The Benefits of Dual Enrollment
Dual enrollment is a great way for homeschool students to take college courses while still completing their college years. These programs vary widely from state to state and college to college, so research is vital in finding the right program if you are interested. Essentially a student enrolled in a dual enrollment program will complete their high school courses while simultaneously enrolling in college and beginning courses at the university level. Oftentimes the college courses are marked as high school/college classes for an enrolled homeschool student until the student completely finishes his or her high school degree. At this point, the courses will be marked as completed college courses, showing the student is one step ahead with college pre-requisites complete before truly beginning their degree program!
The Benefits of Homeschool to College
There are some major benefits to being homeschooled that speak directly to your advantage when you apply for college. For one, your application will likely stand out since there are far fewer homeschoolers applying for college in the United States compared to traditionally taught students. As mentioned above, many homeschool students are also able to complete some college credit before applying, whether this is through an accelerated placement course, a college class, or a dual enrollment program. What may not show up on paper, but that you will be well aware of, is your ability to manage deadlines and assignments on your own. You are surely great at time management and these skills will only help you succeed in college.
Many freshmen struggle with managing the self-driven nature of college after leaving public or private schools where advisors, teachers, and parents kept a close watch over their assignments, deadlines, and grades. IN college the student has to manage all of their work on their own, and as a homeschooler, you are one step ahead of the game when it comes to time and assignment management. Many homeschool students often boast better extra-curricular credits on their transcripts too such as a unique internship or volunteer opportunities.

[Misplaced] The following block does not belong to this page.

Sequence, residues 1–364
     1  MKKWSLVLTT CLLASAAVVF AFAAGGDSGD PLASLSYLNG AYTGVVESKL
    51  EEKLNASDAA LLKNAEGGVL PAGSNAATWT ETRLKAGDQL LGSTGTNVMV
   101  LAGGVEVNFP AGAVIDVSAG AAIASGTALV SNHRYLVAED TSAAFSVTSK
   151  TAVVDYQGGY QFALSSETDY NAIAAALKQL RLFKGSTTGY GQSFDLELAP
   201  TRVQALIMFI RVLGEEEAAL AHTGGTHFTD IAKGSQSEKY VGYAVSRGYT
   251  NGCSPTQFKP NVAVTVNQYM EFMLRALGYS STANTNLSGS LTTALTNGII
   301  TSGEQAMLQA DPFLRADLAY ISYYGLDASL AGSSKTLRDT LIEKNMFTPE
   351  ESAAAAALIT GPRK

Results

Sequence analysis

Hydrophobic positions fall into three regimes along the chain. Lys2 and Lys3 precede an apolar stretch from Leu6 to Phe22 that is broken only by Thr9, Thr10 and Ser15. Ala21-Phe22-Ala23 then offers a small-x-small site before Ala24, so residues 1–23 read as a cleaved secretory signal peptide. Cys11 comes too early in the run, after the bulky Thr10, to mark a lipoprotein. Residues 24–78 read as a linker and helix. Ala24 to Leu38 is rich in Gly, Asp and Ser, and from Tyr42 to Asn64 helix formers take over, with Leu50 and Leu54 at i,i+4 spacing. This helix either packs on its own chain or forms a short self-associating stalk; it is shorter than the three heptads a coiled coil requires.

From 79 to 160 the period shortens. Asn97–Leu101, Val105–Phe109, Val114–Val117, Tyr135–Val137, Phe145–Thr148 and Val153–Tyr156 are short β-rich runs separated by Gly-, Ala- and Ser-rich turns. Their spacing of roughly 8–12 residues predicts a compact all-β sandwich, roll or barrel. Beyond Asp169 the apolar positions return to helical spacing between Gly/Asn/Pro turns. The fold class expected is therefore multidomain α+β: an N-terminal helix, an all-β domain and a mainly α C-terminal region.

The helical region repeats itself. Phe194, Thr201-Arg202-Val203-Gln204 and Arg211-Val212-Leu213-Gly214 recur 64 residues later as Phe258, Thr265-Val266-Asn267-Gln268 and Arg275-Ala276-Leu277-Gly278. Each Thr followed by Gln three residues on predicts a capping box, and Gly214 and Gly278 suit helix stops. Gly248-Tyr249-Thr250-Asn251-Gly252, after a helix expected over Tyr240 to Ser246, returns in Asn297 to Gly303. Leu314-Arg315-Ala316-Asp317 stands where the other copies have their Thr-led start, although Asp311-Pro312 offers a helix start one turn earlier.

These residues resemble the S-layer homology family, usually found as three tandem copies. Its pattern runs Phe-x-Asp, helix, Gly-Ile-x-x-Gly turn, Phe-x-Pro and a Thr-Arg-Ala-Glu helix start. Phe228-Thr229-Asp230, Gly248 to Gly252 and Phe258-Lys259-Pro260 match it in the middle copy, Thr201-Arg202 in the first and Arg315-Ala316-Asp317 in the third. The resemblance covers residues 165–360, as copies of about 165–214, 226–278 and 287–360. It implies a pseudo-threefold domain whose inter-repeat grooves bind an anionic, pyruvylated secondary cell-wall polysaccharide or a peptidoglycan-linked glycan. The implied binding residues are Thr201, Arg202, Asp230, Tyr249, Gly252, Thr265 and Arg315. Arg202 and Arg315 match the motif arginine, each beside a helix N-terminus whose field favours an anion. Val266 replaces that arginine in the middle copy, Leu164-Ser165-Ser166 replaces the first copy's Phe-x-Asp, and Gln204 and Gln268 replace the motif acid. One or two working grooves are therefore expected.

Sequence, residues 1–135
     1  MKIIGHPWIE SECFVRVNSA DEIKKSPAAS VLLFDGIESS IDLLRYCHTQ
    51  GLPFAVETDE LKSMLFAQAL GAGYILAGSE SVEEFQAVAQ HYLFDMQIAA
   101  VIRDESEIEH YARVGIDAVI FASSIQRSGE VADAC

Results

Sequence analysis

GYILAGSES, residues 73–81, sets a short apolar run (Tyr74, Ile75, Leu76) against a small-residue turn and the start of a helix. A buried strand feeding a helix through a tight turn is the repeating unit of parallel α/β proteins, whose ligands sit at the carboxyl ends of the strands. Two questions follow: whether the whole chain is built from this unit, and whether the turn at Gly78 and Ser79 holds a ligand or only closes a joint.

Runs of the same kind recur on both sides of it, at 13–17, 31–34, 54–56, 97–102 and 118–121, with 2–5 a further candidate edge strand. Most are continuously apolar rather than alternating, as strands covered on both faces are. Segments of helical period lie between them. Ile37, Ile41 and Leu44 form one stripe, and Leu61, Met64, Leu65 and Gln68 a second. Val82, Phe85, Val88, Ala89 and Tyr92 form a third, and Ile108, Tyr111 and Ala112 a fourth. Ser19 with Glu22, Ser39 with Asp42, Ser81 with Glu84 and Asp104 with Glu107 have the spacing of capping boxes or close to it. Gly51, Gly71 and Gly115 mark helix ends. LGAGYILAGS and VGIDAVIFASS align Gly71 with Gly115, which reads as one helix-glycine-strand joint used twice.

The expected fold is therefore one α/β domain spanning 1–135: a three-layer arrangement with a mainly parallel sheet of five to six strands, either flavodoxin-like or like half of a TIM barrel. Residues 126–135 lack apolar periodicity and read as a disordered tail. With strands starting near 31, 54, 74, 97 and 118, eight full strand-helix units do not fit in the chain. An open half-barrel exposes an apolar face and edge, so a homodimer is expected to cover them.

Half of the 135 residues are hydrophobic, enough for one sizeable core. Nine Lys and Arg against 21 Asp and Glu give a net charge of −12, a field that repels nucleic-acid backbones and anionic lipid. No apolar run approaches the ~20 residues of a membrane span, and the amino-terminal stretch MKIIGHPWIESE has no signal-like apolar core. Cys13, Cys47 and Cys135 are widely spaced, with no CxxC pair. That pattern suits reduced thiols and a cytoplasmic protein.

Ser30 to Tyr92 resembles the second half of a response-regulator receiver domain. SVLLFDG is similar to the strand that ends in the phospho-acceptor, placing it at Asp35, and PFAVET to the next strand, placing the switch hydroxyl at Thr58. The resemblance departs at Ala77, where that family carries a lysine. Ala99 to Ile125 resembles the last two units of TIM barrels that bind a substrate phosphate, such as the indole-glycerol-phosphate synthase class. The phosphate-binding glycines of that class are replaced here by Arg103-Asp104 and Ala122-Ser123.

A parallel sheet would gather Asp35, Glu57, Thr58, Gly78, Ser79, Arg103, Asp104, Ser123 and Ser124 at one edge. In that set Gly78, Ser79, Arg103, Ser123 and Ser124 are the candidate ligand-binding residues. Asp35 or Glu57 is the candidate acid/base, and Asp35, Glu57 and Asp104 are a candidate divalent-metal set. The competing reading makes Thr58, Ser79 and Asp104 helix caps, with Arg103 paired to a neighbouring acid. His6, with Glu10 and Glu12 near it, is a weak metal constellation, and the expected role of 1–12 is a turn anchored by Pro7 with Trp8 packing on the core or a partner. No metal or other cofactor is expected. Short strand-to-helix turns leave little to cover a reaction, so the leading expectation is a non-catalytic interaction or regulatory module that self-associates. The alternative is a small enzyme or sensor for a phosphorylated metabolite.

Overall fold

Other Great Resources for Homeschool to College Students
Some companies offer to consult services that can help parents and students navigate college admissions. Though these services can be costly, they can also ease some of the stress involved in navigating the transition from homeschooling high school to college or university, both online and on campus. The Homeschool Success website is one such example of a company offering consulting advice for homeschooled high-schoolers preparing for the college admissions process.
Since some homeschoolers don’t believe in testing, such as the Scholastic Aptitude Test (SAT) or American College Testing (ACT), The National Center for Fair Testing is viable research when trying to find colleges that accept student applications for enrollment without these scores.
If you’re wondering what your transcripts need to look like before applying to college, get a jumpstart by using this website, The Homeschool Legal Defense Association, where you can view varied examples of high school transcripts. Here you’ll be able to get some advice on what you can do now to improve your chances later. Especially helpful for students not yet in their senior year, this is a great way to navigate all the offerings and options like accelerated placement courses and online college classes that are available to you.
Going to college – whether online or on-campus – is an exciting time for so many young adults. Especially for students who are transitioning from the self-led nature of homeschool and entering the on-campus college experience, going to college can seem like a daunting task, though the adventure is thrilling in itself. Getting around once you’re enrolled and on campus doesn’t have to be hard either. You’ll have an advisor who can help you get around and don’t forget that your teachers and professors are there to help and guide you too – don’t be afraid to ask them for help. You’ll also find that many colleges admissions offices and student services offices have programs to assist students entering college from a homeschool background. Be sure to check with the offices at your college to find out what resources are available to you. And remember, no matter which path you choose, find what fits for you to ensure you are getting the most value out of your college experience, because at the end of the day, your college experience is your own!